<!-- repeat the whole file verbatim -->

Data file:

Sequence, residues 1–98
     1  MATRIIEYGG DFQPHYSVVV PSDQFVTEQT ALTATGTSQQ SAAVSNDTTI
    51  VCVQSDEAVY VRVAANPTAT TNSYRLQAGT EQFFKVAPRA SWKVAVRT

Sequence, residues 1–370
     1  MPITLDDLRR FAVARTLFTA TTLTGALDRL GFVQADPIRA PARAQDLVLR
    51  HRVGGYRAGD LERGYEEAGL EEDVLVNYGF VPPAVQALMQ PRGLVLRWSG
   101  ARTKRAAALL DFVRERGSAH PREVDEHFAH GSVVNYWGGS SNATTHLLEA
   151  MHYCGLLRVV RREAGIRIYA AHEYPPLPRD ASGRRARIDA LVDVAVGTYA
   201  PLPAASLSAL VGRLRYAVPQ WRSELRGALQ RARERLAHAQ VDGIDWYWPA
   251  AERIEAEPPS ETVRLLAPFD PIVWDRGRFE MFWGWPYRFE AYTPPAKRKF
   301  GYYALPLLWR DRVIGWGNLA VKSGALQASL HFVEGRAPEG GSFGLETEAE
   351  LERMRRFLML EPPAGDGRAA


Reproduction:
Sequence, residues 1–98
     1  MATRIIEYGG DFQPHYSVVV PSDQFVTEQT ALTATGTSQQ SAAVSNDTTI
    51  VCVQSDEAVY VRVAANPTAT TNSYRLQAGT EQFFKVAPRA SWKVAVRT

Sequence, residues 1–370
     1  MPITLDDLRR FAVARTLFTA TTLTGALDRL GFVQADPIRA PARAQDLVLR
    51  HRVGGYRAGD LERGYEEAGL EEDVLVNYGF VPPAVQALMQ PRGLVLRWSG
   101  ARTKRAAALL DFVRERGSAH PREVDEHFAH GSVVNYWGGS SNATTHLLEA
   151  MHYCGLLRVV RREAGIRIYA AHEYPPLPRD ASGRRARIDA LVDVAVGTYA
   201  PLPAASLSAL VGRLRYAVPQ WRSELRGALQ RARERLAHAQ VDGIDWYWPA
   251  AERIEAEPPS ETVRLLAPFD PIVWDRGRFE MFWGWPYRFE AYTPPAKRKF
   301  GYYALPLLWR DRVIGWGNLA VKSGALQASL HFVEGRAPEG GSFGLETEAE
   351  LERMRRFLML EPPAGDGRAA